Global Markets Demand Local Knowledge

Published on: 
Pharmaceutical Technology, Pharmaceutical Technology-02-01-2014, Volume 2014 Supplement, Issue 1

Contract manufacturing organizations that are established in key markets can provide a competitive edge.

Pharmaceutical development and manufacturing is often a global undertaking, requiring facilities and local market know-how. Cristin Grove, director, Global Contract Manufacturing for Pfizer CentreSource, discusses that company’s approach to accessing and serving emerging markets.

Emerging market presencePharmTech: Emerging markets are an important part of the strategy of major pharmaceutical companies. What are the implications from a supply (manufacturing) perspective in terms of a partnership strategy for finished-product manufacturing? What can a contract service provider offer in terms of access and knowledge of the market?

Grove: Pfizer has had and will continue to maintain a strong presence in emerging markets. The emerging markets have experienced double-digit growth in population resulting in increased demands for improved healthcare while providing products at a reasonable cost because most purchases are out-of-pocket to the consumer.

Pfizer Global Supply (PGS), which has 19 manufacturing sites in emerging markets, understands the need to be located in the market in order to develop relationships with the respective governments, healthcare providers, and patients. Through access to Pfizer’s local manufacturing site (LMS) organization, Pfizer CentreSource (PCS) is able to provide our customers access to our facilities and technology where a relationship has already been established with the local government and community.

BRIC: Competitive landscape
PharmTech: In looking at certain key markets, beginning with the BRIC countries (Brazil, Russia, India, and China), what would you identify as the unique challenges/issues in each of those markets in developing a pharmaceutical manufacturing strategy (finished product) overall and related partnership strategy for manufacturing (i.e., contract service provider) in those countries? How would you describe the competitive landscape in those markets?


Grove: Every market provides its own challenges. They are each unique in the regulatory and technical perspective as well as in the culture of conducting business. Many of these markets are still defining their health systems and meeting the needs of the patient while being able to provide medicines at an affordable price.

Brazil has very stringent requirements regarding segregation of animal and human health products. There is also a long registration timeline for approval of regulatory filings.

China and India have been markets with low labor and operating costs. Unfortunately in some cases, these lower operating costs are based upon manufacturing facilities that are not operating at the required levels of compliance with cGMP. Companies need to invest in improvements to facilities and operating procedures, which will only drive up the cost of the products.

PGS has the highest standards for quality and adherence to cGMPs. When our customers entrust us to manufacture their products, they are being provided the same level of quality oversight as a Pfizer product would receive. We feel this is one of our strongest competitive advantages in the CMO space.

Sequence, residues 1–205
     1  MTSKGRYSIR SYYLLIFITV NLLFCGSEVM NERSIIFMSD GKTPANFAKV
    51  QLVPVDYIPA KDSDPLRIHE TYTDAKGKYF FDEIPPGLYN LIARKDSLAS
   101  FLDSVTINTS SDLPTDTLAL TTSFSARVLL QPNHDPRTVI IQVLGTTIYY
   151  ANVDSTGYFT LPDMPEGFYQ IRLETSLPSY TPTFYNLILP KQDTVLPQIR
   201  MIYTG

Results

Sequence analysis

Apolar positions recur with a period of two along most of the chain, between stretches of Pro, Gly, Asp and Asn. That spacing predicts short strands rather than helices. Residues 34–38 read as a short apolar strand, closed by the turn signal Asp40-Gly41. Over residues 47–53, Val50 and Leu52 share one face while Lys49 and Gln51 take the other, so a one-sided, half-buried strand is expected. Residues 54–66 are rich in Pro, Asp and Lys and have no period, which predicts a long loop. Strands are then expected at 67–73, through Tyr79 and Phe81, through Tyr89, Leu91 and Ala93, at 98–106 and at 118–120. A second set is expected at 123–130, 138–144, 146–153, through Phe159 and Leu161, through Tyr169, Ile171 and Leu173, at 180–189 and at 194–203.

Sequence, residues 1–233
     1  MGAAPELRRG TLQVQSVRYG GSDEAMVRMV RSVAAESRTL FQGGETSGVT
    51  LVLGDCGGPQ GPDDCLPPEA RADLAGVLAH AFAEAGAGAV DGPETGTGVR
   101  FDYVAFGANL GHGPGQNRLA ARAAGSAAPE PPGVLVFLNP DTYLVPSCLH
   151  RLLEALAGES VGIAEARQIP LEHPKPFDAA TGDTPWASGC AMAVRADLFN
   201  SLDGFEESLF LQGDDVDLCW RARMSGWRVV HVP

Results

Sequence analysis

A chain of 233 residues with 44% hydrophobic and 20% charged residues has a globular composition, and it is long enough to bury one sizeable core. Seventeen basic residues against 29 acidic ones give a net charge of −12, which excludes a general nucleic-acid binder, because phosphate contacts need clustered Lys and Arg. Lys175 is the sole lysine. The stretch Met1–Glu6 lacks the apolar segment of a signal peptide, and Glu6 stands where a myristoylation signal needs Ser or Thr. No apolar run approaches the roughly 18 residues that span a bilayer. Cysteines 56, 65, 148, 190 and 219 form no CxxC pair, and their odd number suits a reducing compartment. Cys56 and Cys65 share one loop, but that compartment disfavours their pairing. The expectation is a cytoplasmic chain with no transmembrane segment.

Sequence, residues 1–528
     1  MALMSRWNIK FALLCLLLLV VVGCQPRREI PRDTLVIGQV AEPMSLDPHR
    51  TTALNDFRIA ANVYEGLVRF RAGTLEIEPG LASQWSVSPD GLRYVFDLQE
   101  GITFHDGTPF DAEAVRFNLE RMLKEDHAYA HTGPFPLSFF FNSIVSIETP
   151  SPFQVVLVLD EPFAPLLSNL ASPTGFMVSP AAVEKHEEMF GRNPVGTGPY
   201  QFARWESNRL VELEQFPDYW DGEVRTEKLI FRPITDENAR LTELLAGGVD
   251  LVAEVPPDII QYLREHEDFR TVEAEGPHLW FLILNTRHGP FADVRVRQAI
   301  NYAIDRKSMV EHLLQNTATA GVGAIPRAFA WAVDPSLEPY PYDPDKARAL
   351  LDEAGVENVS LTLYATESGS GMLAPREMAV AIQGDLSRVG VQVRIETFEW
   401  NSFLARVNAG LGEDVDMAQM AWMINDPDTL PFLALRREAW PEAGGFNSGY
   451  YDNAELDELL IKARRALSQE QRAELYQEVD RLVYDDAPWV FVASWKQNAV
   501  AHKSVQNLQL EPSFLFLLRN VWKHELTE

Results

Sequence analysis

New targetsPharmTech: How would you access market opportunity in other emerging markets outside of the BRIC countries (such as Turkey) for pharmaceutical industry growth and related opportunity for contract manufacturing (finished product)?

Grove: PGS has 19 manufacturing sites in our LMS organization and an additional site being built in Saudi Arabia. There are interesting opportunities in other markets outside of the BRIC countries where there are fewer competitors, smaller populations and growth rates, and less potential spending which puts more emphasis on being present in the market to provide access to medicines. PGS has understood for a long time the need to be in the local markets to be able to understand the changing market conditions and provide cost-competitive products to customers. PGS has a manufacturing site in Istanbul that currently provides contract manufacturing and has established third-party business procedures. PCS is also currently providing contract manufacturing through PGS sites in Jakarta, Indonesia, and Buenos Aires, Argentina.

Emerging middle class
PharmTech: Are there other key trends/issues as they relate to building a supply network in emerging markets?

Grove: Big Pharma has been relying on an expansion of the middle class in the emerging markets to drive the demand for access to more medicines, pushing the need to have local manufacturing. Current trending in the BRIC markets shows consumer spending is down and economic growth relatively flat with the exception of single-digit growth in China. The challenge will continue to be how to supply medicines at an affordable cost while still making it economically attractive to the manufacturer. In addition, many markets require manufacturing to be in the market in order to be able to sell. If a company does not already have an existing manufacturing site, they either will need to invest or find a partner.

Through working with PCS, customers have access to existing facilities in the market that have available capacity. This may eliminate the need for an investment when capital spending is a challenge across our industry.